Thursday, September 27, 2001

Anger is there, but chaos isn't




By Robert Anglen
The Cincinnati Enquirer

        Community anger echoed through four floors of City Hall on Wednesday.

        But the violence and chaos that arose after the shooting death of Timothy Thomas in April did not find its way into council chambers after a judge ruled that the officer who pulled the trigger was not guilty of negligent homicide or obstructing official business.

        Only the anger appeared.

[photo] Protestors shout at police after council suspended its session because of unruliness in council chambers at City Hall.
(Steven M. Herppich photo)
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        “It is amazing to me that we want to continue to pretend that nothing is wrong in Over-the-Rhine,” Black United Front spokeswoman Juleana Frierson told council. “It is ridiculous to me. There is no leadership today.”

        She criticized city leaders for attempting to hold a regular City Council meeting about routine planning issues on a day when so many people were affected by a court decision.

        Nearly 150 people, young, old, black and white — some crying, some shaking their fists — punctuated her remarks with a long round of applause.

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        “I'm in a lot of pain today,” said Over-the-Rhine resident Elaine Vincent, who described her neighborhood in the last year as having an open wound.

        One after another, residents shouted, spoke, accused and pleaded with council members to fix what they called a deep division between the police and the community.

        Council members did not discuss the verdict at length, but Councilman James Tarbell was jeered when he attempted to use the words of Timothy Thomas' mother to encourage peace.

        “We can do no better than acknowledge the comments of Angela Leisure,” he said.

        Councilman Phil Heimlich was also booed when he told residents that he supported the justice system and that many had condemned the officer before the system had a chance to work.

        “I am tired of these chambers being turned into some kangaroo court,” he said.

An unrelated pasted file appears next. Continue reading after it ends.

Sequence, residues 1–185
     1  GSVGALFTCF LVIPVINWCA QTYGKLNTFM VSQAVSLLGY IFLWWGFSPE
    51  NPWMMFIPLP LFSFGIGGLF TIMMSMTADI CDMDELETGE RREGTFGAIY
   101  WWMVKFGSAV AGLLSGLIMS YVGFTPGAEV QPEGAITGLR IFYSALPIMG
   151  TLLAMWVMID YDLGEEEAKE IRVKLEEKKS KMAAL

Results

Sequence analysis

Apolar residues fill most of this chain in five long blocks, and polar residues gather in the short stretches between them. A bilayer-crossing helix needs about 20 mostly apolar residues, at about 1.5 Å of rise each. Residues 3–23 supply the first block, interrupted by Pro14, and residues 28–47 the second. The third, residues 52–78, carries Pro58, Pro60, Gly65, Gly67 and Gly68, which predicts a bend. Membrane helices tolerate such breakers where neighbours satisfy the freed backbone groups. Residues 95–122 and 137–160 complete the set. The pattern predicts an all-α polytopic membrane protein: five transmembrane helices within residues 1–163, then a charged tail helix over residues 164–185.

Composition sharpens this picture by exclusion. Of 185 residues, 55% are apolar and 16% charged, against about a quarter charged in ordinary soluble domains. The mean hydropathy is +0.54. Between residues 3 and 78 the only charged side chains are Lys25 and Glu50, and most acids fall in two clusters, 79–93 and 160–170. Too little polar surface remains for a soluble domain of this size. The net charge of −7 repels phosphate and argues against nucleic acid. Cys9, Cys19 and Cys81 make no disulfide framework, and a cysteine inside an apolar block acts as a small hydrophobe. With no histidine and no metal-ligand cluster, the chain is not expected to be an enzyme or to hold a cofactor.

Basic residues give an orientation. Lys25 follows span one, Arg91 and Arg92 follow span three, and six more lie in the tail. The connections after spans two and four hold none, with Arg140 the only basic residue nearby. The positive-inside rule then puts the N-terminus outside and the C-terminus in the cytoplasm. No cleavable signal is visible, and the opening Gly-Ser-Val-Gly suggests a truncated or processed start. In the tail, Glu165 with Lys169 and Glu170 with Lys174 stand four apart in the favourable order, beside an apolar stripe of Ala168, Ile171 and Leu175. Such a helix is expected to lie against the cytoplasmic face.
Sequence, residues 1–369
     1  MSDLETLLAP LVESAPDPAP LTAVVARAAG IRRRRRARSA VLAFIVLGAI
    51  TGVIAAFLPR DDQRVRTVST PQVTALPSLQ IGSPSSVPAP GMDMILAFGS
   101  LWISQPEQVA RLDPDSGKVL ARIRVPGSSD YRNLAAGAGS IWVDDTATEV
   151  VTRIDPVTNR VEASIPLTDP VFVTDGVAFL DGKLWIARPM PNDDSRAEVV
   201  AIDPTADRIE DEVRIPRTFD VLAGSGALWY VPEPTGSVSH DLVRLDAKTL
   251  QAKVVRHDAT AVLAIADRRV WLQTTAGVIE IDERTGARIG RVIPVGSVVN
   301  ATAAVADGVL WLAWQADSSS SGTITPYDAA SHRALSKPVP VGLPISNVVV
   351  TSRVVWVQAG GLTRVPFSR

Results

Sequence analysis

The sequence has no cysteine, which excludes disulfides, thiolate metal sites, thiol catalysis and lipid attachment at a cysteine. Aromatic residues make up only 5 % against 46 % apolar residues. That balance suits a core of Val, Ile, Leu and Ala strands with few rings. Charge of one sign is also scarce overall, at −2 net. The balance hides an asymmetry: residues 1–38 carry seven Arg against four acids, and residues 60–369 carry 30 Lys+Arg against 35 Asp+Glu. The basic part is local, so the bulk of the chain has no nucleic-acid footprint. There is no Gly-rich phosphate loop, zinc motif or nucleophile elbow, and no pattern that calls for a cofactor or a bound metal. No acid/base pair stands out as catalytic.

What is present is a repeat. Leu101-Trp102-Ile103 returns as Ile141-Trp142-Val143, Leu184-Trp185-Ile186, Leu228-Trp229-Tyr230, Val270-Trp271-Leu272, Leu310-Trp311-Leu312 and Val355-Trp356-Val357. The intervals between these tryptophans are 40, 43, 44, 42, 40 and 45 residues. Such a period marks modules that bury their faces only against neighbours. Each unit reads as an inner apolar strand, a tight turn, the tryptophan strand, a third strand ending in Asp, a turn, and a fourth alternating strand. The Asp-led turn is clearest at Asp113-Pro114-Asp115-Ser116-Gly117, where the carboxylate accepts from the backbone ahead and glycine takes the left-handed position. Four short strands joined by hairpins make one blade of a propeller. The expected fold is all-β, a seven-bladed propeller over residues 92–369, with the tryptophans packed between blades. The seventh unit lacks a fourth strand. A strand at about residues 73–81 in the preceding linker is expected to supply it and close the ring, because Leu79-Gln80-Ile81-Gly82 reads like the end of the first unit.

The Rev. Damon Lynch III, leader of the Black United Front, told council that it had failed.

        “If you would just stand up and say this is unjust,” he told the council. Council members “sit on their hands because we don't want to upset” the police union.

        He used the World Trade Center collapse to illustrate what the community was feeling. In New York, he said, the mayor is considered a hero; not because of any particular action, but because he listened to the people.

        “You blew it today. Now drop back, punt and do it again. You should have spoken to your community,” he said.

        Mayor Charlie Luken said it's not that council doesn't speak, it's that some just don't like the message.

        “Here is my truth,” he said. “This city must find a way to respect one another's opinion. We must find a way to respect the due process of law.”

        If not, he said, “We are nothing.”

        He said the city has attempted to deal with police-community relations, including asking for a federal investigation of the police division, working to settle a federal racial-profiling lawsuit against the city, adopting legislation against racial profiling and spending money for community development.

        Residents who didn't speak held signs ranging from obscene neon posters to small handbills with statements about Officer Stephen Roach such as, “You heard right. Roach is Free,” and “He walks. Timothy doesn't.”

        While the speeches carried the same depth of emotion as they did five months ago when protesters took over a council meeting and set the stage for days of riots, council chambers on Wednesday resembled a forum.

        “We really don't like what you are accepting from the police,” said Cincinnati resident Keith Walker, who outlined several run-ins with police that he said were racially motivated. “It's a wonderful day in the city, or so you think.”

        Unlike in April, council members listened to speakers without interruption. Residents never pushed to the front of council chambers; the dais where council members sit had been reconfigured. Mayor Luken established rules for behavior and followed them.

        Only once did the mayor halt the meeting, after the audience shouted over a speaker who said she supported the police.

        “We have allowed things to get too far,” Westwood resident Melva Gweyn said after the meeting. “They talk about wanting dialogue in this city, but they don't want to hear any opposing views.”

        Even when police officers formed a line in front of council members, citizens didn't test their resolve. They shouted and chanted, but made no attempt to take over the chambers. While six council members left the chamber during the recess, council members Paul Booth, Minette Cooper and Alicia Reece remained in their seats.

        “City Hall is a venue for everybody,” Ms. Reece said. “If people need to vent, then I can take it. ... I'm willing to listen.”
       

Curfew to remain through Friday
Roach not guilty; city under curfew
Acquittals based on self-defense
Anger, fear, sadness felt on streets after verdict
- Anger is there, but chaos isn't
Experts' opinions sealed verdict
Lynch: Ruling 'sets us back'
PULFER: Turmoil of April finally over - or is it?
Q & A
Text of Judge Winkler verdict
Then and now: Race relations
Victim's point of view part of justice, too
       



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